Honky-Tonk Great Whitey Shafer Passes

Whitey Shafer

Nashville Songwriters Hall of Fame member Whitey Shafer died on Saturday, Jan. 12, at age 84 following years of declining health.

Regarded as one of the finest hard-country tunesmiths of his generation, Shafer wrote or co-wrote such classics as “Does Ft. Worth Ever Cross Your Mind” (George Strait), “That’s the Way Love Goes” (Merle Haggard, Johnny Rodriguez), “I Wonder Do You Think of Me” (Keith Whitley), “Tell Me My Lying Eyes Are Wrong” (George Jones) and “All My Ex’s Live In Texas” (George Strait).

In addition to having more than 200 of his songs recorded by major artists, Whitey Shafer was also a much-admired vocal stylist. During his career, he recorded for RCA, Musicor, Hickory, Elektra and other labels.

Born Sanger D. Shafer in 1934, he was raised in rural Whitney, TX. His mother played piano and taught him. At age 12, Shafer also began playing guitar. He and his teenage friend Willie Nelson visited honky tonks in “wet” counties nearby so that they could drink beer and soak up country music.

Shafer was particularly enthralled with the singing of Lefty Frizzell. That influence showed in his own vocals throughout his life.

After high school, he served three years in the Army. Back in Texas, he worked as a turkey farmer, an ironworker and an electrical company repairman before heading to Nashville in 1967.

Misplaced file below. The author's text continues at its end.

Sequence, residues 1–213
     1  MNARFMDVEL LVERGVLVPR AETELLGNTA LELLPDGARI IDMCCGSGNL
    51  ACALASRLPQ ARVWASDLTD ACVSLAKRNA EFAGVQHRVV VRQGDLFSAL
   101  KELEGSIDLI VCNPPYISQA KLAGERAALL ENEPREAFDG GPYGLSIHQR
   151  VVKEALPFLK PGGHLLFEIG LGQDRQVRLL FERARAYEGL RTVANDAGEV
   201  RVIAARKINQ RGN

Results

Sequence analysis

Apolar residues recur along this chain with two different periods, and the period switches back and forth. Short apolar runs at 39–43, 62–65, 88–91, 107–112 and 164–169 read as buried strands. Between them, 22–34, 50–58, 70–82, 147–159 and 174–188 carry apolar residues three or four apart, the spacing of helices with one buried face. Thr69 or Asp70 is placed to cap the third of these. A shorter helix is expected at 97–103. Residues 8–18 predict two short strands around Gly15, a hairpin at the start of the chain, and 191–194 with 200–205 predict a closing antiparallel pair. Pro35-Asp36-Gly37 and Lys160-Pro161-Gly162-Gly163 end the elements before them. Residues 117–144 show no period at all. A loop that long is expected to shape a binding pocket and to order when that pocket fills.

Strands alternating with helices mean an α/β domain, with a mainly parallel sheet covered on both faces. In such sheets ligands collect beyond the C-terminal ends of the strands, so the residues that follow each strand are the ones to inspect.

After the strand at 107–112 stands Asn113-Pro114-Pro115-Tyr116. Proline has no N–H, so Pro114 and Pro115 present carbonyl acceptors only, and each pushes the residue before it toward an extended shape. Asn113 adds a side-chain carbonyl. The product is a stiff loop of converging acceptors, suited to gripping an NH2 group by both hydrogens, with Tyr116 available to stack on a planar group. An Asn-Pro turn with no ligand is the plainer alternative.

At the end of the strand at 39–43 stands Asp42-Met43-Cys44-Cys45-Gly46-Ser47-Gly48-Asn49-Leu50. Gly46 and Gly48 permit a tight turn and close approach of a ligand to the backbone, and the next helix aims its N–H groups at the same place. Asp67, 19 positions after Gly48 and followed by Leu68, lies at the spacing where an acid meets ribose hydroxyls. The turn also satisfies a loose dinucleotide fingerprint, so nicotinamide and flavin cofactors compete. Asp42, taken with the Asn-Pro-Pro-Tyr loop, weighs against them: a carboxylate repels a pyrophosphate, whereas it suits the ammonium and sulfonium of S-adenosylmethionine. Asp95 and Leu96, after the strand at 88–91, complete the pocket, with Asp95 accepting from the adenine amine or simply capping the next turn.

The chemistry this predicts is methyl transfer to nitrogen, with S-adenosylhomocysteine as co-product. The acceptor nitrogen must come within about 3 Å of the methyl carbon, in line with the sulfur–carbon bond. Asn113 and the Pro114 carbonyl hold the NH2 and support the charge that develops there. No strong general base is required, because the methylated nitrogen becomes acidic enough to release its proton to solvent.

His aim was to become a country singing star. Songwriter Doodle Owens, whom he’s known in Texas, introduced Shafer to publisher/producer Ray Baker. As a result, two of Shafer’s first three songs were recorded by George Jones, “Between My House and Town” and “New Man in Town.” His destiny as a songwriter was set. Owens and Dallas Frazier tutored him as a writer, although Shafer also continued to write a lot on his own.

Still waiting for a big break, Whitey Shafer dug ditches and did carpentry work during his early years in Music City. That changed in 1970 when Jack Greene had a hit with “Lord, Is That Me” and Jones took “Tell Me My Lying Eyes Are Wrong” up the charts.

Shafer introduced himself to Frizzell, his boyhood idol, when he discovered that they lived near one another. They became songwriting collaborators. Between 1972 and 1975, Frizzell issued five Shafer songs as singles, “You Babe,” “I Can’t Get Over You to Save My Life,” “I Never Go Around Mirrors,” “Lucky Arms” and “Falling.”

The songwriter soon became a favorite of others. Connie Smith began recording Shafer songs in 1971 and subsequently had hits with “I’m Sorry If My Love Got In Your Way” (1971), “Dream Painter” (1973), “I Never Knew What That Song Meant Before” (1974), “I’ve Got My Baby On My Mind” (1974) and “I Got a Lot of Hurtin’ Done Today” (1975).

Moe Bandy launched his career with Whitey Shafer songs. His eight hit Shafer singles were “I Just Started Hatin’ Cheatin’ Songs” (1974), “Honky Tonk Amnesia” (1974), “It Was Always So Easy to Find an Unhappy Woman” (1975), “Bandy the Rodeo Clown” (1975), “The Biggest Airport in the World” (1976), “She Took More Than Her Share” (1976), “She Just Loved the Cheatin’ Out of Me” (1977) and “Soft Lights and Hard Country Music” (1978). Bandy has recorded a total of 33 Shafer songs.

Despite songwriting success, Whitey Shafer never lost sight of his own recording aspirations. Baker produced Shafer singles for Musicor Records in 1967 and RCA Records in 1968-70. The RCA sides were reissued by Germany’s Bear Family label in 1984.